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Puyallup Fair's Internment Camp Past Remembered

Sam Eaton
09/08/2000

THE PUYALLUP FAIR OPENS TODAY, CELEBRATING 100 YEARS SINCE ITS FOUNDING. IT HASN’T BEEN AN UNBROKEN RUN, THOUGH. IN FACT, THE FAIRGROUNDS WERE CLOSED DURING WWII, AND HASTILY TRANSFORMED INTO A HOLDING PRISON TO PROCESS THOUSANDS OF JAPANESE-AMERICANS. KUOW’S SAM EATON REPORTS: THIS CHAPTER OF PUYALLUP HISTORY WILL BE INCLUDED AT THIS YEAR’S CENTENNIAL EXHIBIT.

FOR MANY AMERICANS, THE 1940’S EVOKE NOSTALGIC EMOTIONS. DUKE ELLINGTON WAS ON THE RADIO. AMERICA HAD JUST ENTERED WORLD WAR TWO, AND MUCH OF THE NATION WAS PULLING TOGETHER TO FIGHT A COMMON ENEMY. BUT NOT EVERYONE HAS FOND MEMORIES OF THE TIME. People were turning into monsters all of a sudden, we didn't know them anymore. That was the first day I really truly felt like a Japanese. IN 1942, TAMA TOKUDA WAS AN ENGLISH MAJOR AT THE UNIVERSITY OF WASHINGTON. SHE REMEMBERS BEING CALLED AN "ENEMY ALIEN" AFTER JAPAN BOMBED PEARL HARBOR. THEN CAME ORDERS FROM PRESIDENT ROOSEVELT: EVACUATE ALL JAPANESE AMERICANS FROM THE WEST COAST FOR INDEFINETE INTERNMENT IN MAKESHIFT CAMPS. TOKUDA AND HER FAMILY HAD 24 HOURS TO CLOSE THEIR BUSINESS AND HOME AND PACK ONLY WHAT THEY COULD CARRY. Once we got on the bus we were so exhausted, no one spoke, it was just absolute silence, I don't know how to call a feeling like that… It's just too much to bear it seems like. STORIES LIKE TOKUDA'S ARE ON DISPLAY AT THIS YEAR'S PUYALLUP FAIR IN A SPECIALLY-DESIGNED EXHIBIT. THIS WEEK, BOB SHIMABUKURO WITH SEATTLE'S WING LUKE ASIAN MUSEUM WAS COMPLETING THE FINISHING TOUCH: A BARE LIGHTBULB HANGING FROM THE RAFTERS OF A SMALL SHED. HE'S PAINSTAKINGLY RECREATING A BARRACK LIKE THE ONES THAT HOUSED SEVEN THOUSAND JAPANESE AMERICANS ON THE FAIRGROUNDS. SHIMABUKURO SAYS THE BUILDING DESIGN STRIPPED FAMILIES OF PRIVACY AND COMFORT… AND DIGNITY. And you could hear what every family was arguing about, or whatever any other family was doing and there was this space above the wall on the side that, I guess you could say was common to everybody. THE PUYALLUP FACILITY WAS CALLED "CAMP HARMONY." SHIMABUKURO IS TOO YOUNG TO HAVE EXPERIENCED INTERNMENT, BUT HE'S HEARD THE STORIES OF ELDERS, LIKE TAMA TOKUDA. SHE REMEMBERS ATTENDING THE PUYALLUP FAIR BEFORE THE GROUNDS BECAME A PRISON… MAKING HER CONFINEMENT EVEN MORE TRAUMATIC. STILL, TOKUDA RECALLS SOMETHING IN THE CAMP THAT GAVE HER HOPE. IT WAS THE SIMPLE PLEASURE OF HEARING BOYS NEXT DOOR SMOKING CIGARETTES AND EATING POTATO CHIPS IN THE DARK. We really didn't have any feelings anymore but somehow that crackling and chewing of the potato chips touched our funny bone and we started to giggle. I think that's the moment we started to feel life again. TOKUDA’S FAMILY SPENT FOUR MONTHS IN PUYALLUP’S PROCESSING FACILITY BEFORE BEING SHIPPED TO AN INTERNMENT CAMP IN IDAHO. TODAY, IN HER HOME ON SEATTLE'S BEACON HILL, THERE’S A PICTURE OF HER TAKEN AT CAMP HARMONY, STANDING BEHIND BARBED WIRE… IT HELPS HER TO REMEMBER. History becomes just pages eventually and just another fact. It doesn't have life to it but we have these recreations, it brings it to life that actually ordinary human beings went through this. A VIDEO OF PERSONAL STORY’S FROM THE INTERNMENT CAMP ERA WILL PLAY AT THE PUYALLUP FAIR. TAMA TOKUDA BELIEVES PERSONAL ACCOUNTS HELP MAKE HISTORY MEMORABLE, BRINGING CURRENCY TO AN EVENT THAT SHE SAYS COULD EASILY HAVE BEEN FORGOTTEN. SAM EATON, KUOW, 94.9, PUBLIC RADIO.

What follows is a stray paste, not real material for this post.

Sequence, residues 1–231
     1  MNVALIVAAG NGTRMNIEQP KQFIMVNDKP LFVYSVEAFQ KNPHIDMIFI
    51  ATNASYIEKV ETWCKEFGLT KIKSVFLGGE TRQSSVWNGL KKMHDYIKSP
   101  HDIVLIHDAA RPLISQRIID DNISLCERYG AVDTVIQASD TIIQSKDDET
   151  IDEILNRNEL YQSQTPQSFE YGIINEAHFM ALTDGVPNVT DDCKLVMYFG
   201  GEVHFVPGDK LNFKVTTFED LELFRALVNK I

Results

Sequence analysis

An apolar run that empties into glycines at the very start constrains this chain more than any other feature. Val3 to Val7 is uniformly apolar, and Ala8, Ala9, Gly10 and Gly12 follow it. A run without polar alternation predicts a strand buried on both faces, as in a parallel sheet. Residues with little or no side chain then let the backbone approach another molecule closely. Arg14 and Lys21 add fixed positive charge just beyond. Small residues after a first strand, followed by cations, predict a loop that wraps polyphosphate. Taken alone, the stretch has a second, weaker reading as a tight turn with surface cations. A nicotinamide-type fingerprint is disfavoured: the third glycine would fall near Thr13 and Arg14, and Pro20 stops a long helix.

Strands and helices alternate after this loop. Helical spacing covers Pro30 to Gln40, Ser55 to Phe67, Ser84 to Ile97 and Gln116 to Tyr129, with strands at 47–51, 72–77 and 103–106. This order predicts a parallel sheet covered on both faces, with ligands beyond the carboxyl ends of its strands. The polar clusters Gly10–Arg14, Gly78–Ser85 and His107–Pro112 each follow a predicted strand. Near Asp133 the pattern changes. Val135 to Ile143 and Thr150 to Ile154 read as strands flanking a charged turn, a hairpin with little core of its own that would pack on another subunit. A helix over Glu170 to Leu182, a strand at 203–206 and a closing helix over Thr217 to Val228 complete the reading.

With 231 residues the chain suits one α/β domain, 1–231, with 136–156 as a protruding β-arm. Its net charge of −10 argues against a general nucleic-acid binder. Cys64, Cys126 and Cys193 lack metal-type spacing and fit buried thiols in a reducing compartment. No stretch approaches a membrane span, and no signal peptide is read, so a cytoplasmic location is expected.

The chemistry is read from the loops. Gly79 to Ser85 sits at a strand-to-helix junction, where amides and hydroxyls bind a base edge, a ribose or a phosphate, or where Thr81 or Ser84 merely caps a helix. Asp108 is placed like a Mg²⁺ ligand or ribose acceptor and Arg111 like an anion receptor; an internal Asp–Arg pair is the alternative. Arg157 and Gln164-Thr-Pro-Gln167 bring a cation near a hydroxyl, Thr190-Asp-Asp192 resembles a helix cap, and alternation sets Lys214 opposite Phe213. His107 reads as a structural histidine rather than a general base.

01.16.18

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